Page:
According to data shared by hospital superintendent G S Rao, out of 777 newborn babies (both admitted post-birth and those born in the hospital) between January 1 and May 20, 111 did not survive, which shows a mortality rate of 14 per cent
The Gujarat government on Friday ordered an inquiry into the deaths of 111 newborns in five months at the Adani Education and Research Foundation-run G K General Hospital in Bhuj. As per the data released by the hospital, 111 infants died in the first five months of 2018, ending May 20.
While the hospital management cited reasons including delayed admission or malnutrition for the deaths, the government formed a team of experts to conduct the inquiry. “We have formed a team of experts to probe reasons behind these deaths. We will take appropriate steps after the team submits its report,” Gujarat Commissioner of Health Jayanti Ravi said.
According to data shared by hospital superintendent G S Rao, out of 777 newborn babies (both admitted post-birth and those born in the hospital) between January 1 and May 20, 111 did not survive, which shows a mortality rate of 14 per cent. In 2017, 258 infants had died, while 184 and 164 infants had died in the hospital in 2016 and 2015, respectively.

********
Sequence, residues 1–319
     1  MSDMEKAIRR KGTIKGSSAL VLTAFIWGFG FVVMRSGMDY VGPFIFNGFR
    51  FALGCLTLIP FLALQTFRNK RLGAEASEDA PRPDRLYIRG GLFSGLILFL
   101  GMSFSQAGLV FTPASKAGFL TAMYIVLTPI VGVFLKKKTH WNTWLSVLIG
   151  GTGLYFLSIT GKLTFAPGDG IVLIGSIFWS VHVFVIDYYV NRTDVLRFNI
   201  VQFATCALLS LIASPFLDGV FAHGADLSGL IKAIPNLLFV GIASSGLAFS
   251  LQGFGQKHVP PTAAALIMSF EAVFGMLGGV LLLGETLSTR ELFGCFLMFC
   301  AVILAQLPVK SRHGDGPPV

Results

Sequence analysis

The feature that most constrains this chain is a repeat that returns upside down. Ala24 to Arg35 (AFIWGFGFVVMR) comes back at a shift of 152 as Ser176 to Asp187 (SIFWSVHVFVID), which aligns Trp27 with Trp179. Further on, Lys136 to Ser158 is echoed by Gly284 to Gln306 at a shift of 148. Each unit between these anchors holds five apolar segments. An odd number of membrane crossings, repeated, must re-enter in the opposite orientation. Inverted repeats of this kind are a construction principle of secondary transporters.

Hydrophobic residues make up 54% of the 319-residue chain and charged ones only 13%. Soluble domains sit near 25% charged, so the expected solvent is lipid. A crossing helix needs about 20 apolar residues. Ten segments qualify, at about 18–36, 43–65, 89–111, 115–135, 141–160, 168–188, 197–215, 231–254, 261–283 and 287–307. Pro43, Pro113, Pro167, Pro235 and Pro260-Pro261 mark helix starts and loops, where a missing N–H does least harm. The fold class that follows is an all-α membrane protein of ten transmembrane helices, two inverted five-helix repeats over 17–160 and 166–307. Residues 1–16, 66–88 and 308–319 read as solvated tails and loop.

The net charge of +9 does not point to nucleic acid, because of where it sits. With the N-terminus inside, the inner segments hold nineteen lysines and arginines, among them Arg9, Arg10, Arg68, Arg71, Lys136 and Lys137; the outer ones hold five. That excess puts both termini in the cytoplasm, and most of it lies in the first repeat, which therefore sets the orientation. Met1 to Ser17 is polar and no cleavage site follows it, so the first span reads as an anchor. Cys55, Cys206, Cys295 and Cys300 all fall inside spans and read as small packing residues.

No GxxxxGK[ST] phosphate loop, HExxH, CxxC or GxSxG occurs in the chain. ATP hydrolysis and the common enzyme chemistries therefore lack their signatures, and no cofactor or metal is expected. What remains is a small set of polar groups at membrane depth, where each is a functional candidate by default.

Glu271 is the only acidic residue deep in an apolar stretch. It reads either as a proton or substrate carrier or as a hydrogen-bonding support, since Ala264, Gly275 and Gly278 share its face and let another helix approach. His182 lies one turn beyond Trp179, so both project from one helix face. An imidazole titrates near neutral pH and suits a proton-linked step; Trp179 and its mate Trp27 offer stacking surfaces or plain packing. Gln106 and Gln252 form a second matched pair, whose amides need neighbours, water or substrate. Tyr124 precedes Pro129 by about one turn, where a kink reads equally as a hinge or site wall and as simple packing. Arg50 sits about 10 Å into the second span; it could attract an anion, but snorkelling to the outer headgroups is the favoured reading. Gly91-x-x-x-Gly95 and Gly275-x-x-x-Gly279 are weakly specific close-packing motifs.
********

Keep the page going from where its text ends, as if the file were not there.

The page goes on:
“The percentage of deaths against admission was 19 per cent in 2015, 18 per cent in 2016 and 21 per cent in 2017, which was relatively higher. This year (till May), 111 newborn have died,” Rao told reporters here.
“Since the mortality rate is 14 per cent, I think it is less than previous years. And, the way we are working, it will remain lowest at the end of this year,” he added. According to him, delay in referring children to the hospital is one of the reasons for deaths, as crucial time is wasted in travelling to Bhuj from interior parts of Kutch district.
“One of the reasons for death is pre-mature births. Another (reason) is malnutrition as mothers may not have taken proper diet which help the baby gain weight inside the womb. Delayed reference is also one of the reasons,” said Rao.
“If a family comes here by travelling 250 kilometres, the delay would certainly affect the chances (of survival). Our staff regularly discuss these issues among ourselves and we are working to reduce the deaths,” he added.